2016's $170 GPU vs. 2019's $170 GPUs
Today we’re going to review the sub-$0 graphics card market and see how it compares to what we were offered just a few years ago. We recently did this for the $400 price range and it was super interesting, pitting the GTX 1070 of yesteryear against today’s RTX 2060 Super and the Radeon 5700 XT. We found that AMD offers a solid upgrade over past $400 products with the 5700 XT, which beat the GTX 1070 by ~50% on average. Meanwhile, the RTX 2060 Super was less impressive, offering a 35% performance bump.
We’re definitely hoping to see some value added at the sub-$0 level. The most recent addition to this segment is the AMD Radeon 5500 XT. We reviewed it about a month ago, and in spite of offering solid performance relative to Nvidia’s GTX 1650 Super, the 5500 XT pricing is a massive let down.
AMD is attempting to charge a small premium for this GPU that does nothing to improve the segment, meaning the 5500 XT isn’t worth buying at the $170-0 MSRP. Worse still, the 5500 XT is limited to PCIe x8 operation which means you only get PCIe 3.0 x16 bandwidth when using a PCIe 4.0 enabled system and for that you need a high-end X570 motherboard.
After the disappointing 5500 XT release, we thought we could have a look at how the sub $0 market has progressed over the past 4 years or so. Our comparison includes the likes of the Radeon R9 370X and GeForce GTX 950, along with the Radeon RX 470 and GeForce GTX 1050 Ti.
Sub-$0 AMD Radeon GPUs
The Radeon R9 370X was released in mid-2015 for $180 as a 3rd generation refresh. Previously known as the R9 270 and 270X in late 2013, and sold for $180 and $0, respectively. These first-gen GCN parts all originated from the Radeon HD 7870 GHz Edition, released way back in 2012 for $350.
The Radeon RX 470 was launched in mid-2016 for $180 and was later refreshed, known as the RX 570 in mid-2017 for $170.
Sub-$0 Nvidia GeForce GPUs
As for the green team, the GeForce GTX 950 was released in late 2015 for $0. This GPU wasn’t a refresh and it didn’t get refreshed either. Following on in late 2016 was the GeForce GTX 1050 Ti for $140. Three years would pass before a replacement was issued for this card. The GTX 1650 saw the light in 2019 for $150, and was effectively replaced by the 1650 Super at $0 late last year.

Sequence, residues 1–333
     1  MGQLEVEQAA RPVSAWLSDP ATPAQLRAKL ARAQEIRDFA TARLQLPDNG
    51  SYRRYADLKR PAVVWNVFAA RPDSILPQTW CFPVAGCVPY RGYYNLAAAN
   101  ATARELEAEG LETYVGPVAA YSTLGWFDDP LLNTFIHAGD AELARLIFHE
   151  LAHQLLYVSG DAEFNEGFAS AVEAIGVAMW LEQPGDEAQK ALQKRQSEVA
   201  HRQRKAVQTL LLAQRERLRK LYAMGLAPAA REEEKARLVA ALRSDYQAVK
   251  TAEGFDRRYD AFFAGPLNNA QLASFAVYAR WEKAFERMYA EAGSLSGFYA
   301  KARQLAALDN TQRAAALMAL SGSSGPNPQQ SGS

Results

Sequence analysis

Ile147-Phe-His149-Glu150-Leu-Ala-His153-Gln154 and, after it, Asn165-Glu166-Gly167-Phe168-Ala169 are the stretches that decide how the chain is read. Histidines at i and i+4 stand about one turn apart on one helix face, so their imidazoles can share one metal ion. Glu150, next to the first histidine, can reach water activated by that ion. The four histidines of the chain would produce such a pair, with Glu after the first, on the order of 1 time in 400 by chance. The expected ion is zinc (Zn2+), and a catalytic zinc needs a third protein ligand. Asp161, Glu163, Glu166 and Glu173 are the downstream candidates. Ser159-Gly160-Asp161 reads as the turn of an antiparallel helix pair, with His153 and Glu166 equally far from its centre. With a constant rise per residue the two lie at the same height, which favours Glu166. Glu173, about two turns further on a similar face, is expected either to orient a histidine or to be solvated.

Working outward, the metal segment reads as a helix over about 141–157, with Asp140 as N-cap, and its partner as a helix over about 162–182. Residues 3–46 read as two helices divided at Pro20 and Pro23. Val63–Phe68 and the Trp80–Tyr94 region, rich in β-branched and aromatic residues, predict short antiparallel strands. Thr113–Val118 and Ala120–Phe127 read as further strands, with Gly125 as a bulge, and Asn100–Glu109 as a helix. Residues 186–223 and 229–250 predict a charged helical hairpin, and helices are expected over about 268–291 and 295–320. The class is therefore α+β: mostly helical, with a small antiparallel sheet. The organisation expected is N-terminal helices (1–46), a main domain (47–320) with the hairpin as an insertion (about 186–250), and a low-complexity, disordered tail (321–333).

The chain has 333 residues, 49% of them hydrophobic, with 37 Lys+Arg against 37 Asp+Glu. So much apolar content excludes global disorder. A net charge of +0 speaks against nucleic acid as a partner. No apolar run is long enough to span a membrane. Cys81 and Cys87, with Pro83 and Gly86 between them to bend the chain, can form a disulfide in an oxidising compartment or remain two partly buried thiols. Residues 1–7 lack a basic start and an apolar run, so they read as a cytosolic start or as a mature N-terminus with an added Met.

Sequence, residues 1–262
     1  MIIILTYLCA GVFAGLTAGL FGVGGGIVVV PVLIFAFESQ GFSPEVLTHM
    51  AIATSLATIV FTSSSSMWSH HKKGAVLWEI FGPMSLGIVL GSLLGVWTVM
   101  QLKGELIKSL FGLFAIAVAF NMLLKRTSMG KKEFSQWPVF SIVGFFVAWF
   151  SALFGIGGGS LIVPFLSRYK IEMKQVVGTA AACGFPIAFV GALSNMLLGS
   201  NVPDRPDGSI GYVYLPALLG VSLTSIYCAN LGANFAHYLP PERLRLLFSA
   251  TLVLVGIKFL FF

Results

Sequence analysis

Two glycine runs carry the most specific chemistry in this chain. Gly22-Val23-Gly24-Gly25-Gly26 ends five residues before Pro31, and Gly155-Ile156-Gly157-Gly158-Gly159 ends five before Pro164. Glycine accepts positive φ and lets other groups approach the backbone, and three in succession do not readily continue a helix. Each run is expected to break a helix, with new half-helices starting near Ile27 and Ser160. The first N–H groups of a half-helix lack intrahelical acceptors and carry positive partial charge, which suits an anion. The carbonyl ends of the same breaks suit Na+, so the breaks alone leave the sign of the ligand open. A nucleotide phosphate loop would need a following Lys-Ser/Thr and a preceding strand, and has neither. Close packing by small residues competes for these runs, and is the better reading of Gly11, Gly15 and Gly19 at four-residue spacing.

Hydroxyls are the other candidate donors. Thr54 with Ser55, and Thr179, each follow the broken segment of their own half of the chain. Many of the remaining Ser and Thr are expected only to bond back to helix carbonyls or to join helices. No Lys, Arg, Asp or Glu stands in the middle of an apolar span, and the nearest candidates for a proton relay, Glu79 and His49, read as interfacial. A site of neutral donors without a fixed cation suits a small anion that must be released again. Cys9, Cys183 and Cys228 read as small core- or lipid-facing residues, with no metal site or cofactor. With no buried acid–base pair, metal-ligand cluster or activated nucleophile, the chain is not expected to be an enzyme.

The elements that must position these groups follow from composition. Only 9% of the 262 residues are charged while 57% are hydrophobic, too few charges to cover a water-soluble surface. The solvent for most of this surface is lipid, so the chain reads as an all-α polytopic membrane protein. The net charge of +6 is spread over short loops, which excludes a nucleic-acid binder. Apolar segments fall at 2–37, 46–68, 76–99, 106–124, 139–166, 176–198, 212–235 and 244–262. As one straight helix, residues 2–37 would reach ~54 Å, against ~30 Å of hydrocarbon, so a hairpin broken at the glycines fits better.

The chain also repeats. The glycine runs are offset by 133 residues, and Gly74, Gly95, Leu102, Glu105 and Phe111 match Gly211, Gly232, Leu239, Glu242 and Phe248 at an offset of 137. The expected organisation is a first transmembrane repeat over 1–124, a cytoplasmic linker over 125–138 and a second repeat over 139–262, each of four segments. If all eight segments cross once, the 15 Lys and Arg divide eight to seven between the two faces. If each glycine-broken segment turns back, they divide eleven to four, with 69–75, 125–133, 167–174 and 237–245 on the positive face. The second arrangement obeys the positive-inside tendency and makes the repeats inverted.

That’s the history, now let’s get into the testing.
All graphics cards were benchmarked in our Core i9-9900K test system using the latest drivers and game versions available at the time of testing. Out of curiosity we’ve also included the 2013 Tomb Raider reboot in today’s benchmark suite to see how the GPUs compare in an older title.
The first game in our lineup is Battlefield V and here the Radeon R9 370X and GTX 950 are our baseline, both averaging 35fps. The 1050 Ti which wasn’t the most exciting product offered a 37% performance boost, which is much more than the 22% boost the 1650 offers over the 1050 Ti. You can see why we were so down on the original GTX 1650. Within the same year the 1650 Super was released and it’s 67% faster than the GTX 1050 Ti. This is obviously what the 1650 should have been.
As for AMD, we see that they managed a massive 103% performance boost from the 370X to the RX 470 and the 470’s MSRP was lowered by $10. The 570 refresh though was a lot less exciting, here we’re looking at a mere 6% performance boost. Then from the 570 to the 5500 XT a further 11%, not exactly inspiring stuff from the red team. Basically they overachieved with the 470 and it’s come back to bite them.
This time when testing with Call of Duty Modern Warfare we see a solid 36% boost for the 1050 Ti over the 950 and then a rather massive 43% jump up to the GTX 1650. That said, the GTX 1650 Super was still almost 50% faster than the vanilla 1650 and that meant it was a whopping 113% faster than the GTX 1050 Ti.
Comparing the 1650 Super to the GTX 1050 Ti can be a bit misleading though, as the Pascal GPU was always terrible value. Realistically we’re looking at a RX 470 for 2016 performance and doing so meant the GTX 1650 Super is just 36% faster, so not as great.